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Classical Mechanics for Mathematician

  1. Mar 31, 2012 #1
    Hi!
    I am looking for suitable ways to learn mechanics in mathematician's perspective.
    I went through:
    - multivariable calculus from Spivak,
    - real analysis from Pugh,
    - differential equations from Hirsh/Smale/Devaney (mostly focusing on linear system, existence & uniqueness, nonlinear dynamical system, bifurcation, and brief touch on chaos) (so no application covered)
    - differential geometry from Pressley (but I hate pressley, so I am going to review through doCarmo)
    - topology from Willard (but not all of them)

    The problem is I did not take freshman physics coures (because of annoying labs;;)

    My goal is to be able to read Abraham/Marsden's Foundations of Mechanics or something
    of that level.

    I was thinking of reading differential equations book's applications section first and... idk.

    What books do you think is suitable for me to start learning classical mechanics?
     
  2. jcsd
  3. Mar 31, 2012 #2
    V.I. Arnold's Mathematical Methods of Classical Mechanics sounds like it would be suitable. You'll finally get to see those differential forms from Spivak in action!
     
    Last edited: Mar 31, 2012
  4. Mar 31, 2012 #3
    But is Arnold self-contained in terms of physical intuition?
    Do you think Arnold is readable without freshman-level physical knowledge?
     
  5. Apr 1, 2012 #4
    Last edited by a moderator: May 5, 2017
  6. Apr 1, 2012 #5
    Here's an idea if you want to do the basics of mechanics with more of an emphasis on calculus than most introductory approaches - Mix:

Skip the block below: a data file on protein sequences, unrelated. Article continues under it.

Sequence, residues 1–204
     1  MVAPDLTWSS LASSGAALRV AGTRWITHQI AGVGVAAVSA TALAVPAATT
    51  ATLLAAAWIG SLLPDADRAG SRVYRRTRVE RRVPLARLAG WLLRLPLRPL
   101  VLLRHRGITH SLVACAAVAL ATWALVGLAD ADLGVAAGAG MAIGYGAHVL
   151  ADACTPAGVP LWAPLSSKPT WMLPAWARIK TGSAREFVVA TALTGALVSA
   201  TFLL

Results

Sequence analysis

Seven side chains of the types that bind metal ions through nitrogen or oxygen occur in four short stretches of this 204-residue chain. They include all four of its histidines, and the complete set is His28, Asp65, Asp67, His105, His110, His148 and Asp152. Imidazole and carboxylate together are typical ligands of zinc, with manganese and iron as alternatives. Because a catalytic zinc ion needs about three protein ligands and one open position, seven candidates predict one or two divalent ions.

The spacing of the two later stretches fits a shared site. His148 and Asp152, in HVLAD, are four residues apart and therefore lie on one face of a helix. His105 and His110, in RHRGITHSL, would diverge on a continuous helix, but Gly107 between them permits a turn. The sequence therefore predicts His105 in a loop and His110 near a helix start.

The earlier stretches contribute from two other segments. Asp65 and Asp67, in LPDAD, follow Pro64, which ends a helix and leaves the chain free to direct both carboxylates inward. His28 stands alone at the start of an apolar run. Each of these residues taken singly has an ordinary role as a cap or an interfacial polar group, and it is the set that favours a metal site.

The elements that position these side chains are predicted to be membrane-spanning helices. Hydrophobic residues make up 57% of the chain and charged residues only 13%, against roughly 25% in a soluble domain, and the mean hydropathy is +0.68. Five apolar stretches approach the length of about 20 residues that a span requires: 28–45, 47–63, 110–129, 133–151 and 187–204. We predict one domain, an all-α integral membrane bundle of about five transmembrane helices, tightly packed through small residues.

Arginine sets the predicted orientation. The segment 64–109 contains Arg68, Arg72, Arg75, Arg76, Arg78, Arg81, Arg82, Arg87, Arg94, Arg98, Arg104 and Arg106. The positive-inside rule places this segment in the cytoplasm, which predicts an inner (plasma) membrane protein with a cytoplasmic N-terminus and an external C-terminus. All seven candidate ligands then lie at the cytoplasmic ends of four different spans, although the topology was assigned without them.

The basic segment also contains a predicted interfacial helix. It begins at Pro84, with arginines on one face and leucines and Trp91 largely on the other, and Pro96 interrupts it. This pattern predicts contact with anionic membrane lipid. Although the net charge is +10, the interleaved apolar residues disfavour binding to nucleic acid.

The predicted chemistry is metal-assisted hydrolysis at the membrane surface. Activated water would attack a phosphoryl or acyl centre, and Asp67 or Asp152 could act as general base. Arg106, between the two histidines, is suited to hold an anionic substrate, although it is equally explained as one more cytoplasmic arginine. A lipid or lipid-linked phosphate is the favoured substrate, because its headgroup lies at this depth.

http://www.pa.msu.edu/courses/phy233b/VideoLectures.html
    http://www.pa.msu.edu/courses/2010fall/PHY321/VideoLectures/
    with reading both https://www.amazon.com/Mechanics-3rd-Edition-Keith-Symon/dp/0201073927 & https://www.amazon.com/Problems-The...=sr_1_1?s=books&ie=UTF8&qid=1333296048&sr=1-1 (opensource link to the book).
    I'd take notes from the video in the first link first, then the second link, then read the corresponding section of Symon finally doing the schaums sections & Symon's problems together last. it'd be a good idea to go through the Yale videos as well. Then you could go onto Lagrangian https://www.amazon.com/Schaums-Outline-Lagrangian-Dynamics-Wells/dp/0070692580/ref=pd_sim_sbs_b_2 & Arnol'd without that soul-destroying headache. If you want to really rush things then at least watch the videos before going on as they are the best ones I've found & do the most out of all the basic ones I've seen.
     
    Last edited by a moderator: May 5, 2017
  7. Apr 1, 2012 #6
    I completely forgot about Spivak--also an excellent suggestion! Ideally you could compare these two books in a library and see which one you prefer.
     
  8. Apr 1, 2012 #7
    Classical mechanics is has a very strong geometric flavor. That is, you can learn a lot of pretty mathematics by learning classical mechanics.I would strongly recommend either Mathematical Methods of Classical Mechanics by V.I. Arnold or An Treatise on the Analytical Dynamics of Particles and Rigid Bodies by E.T. Whittaker (out of copyright/print; legally available on-line here).

    After that, purchase Dynamical Systems IV: Symplectic Geometry and Its Applications. There is also a really nice set of lecture notes by "www.math.princeton.edu/~acannas/Papers/symplectic.pdf" [Broken].
     
    Last edited by a moderator: May 5, 2017
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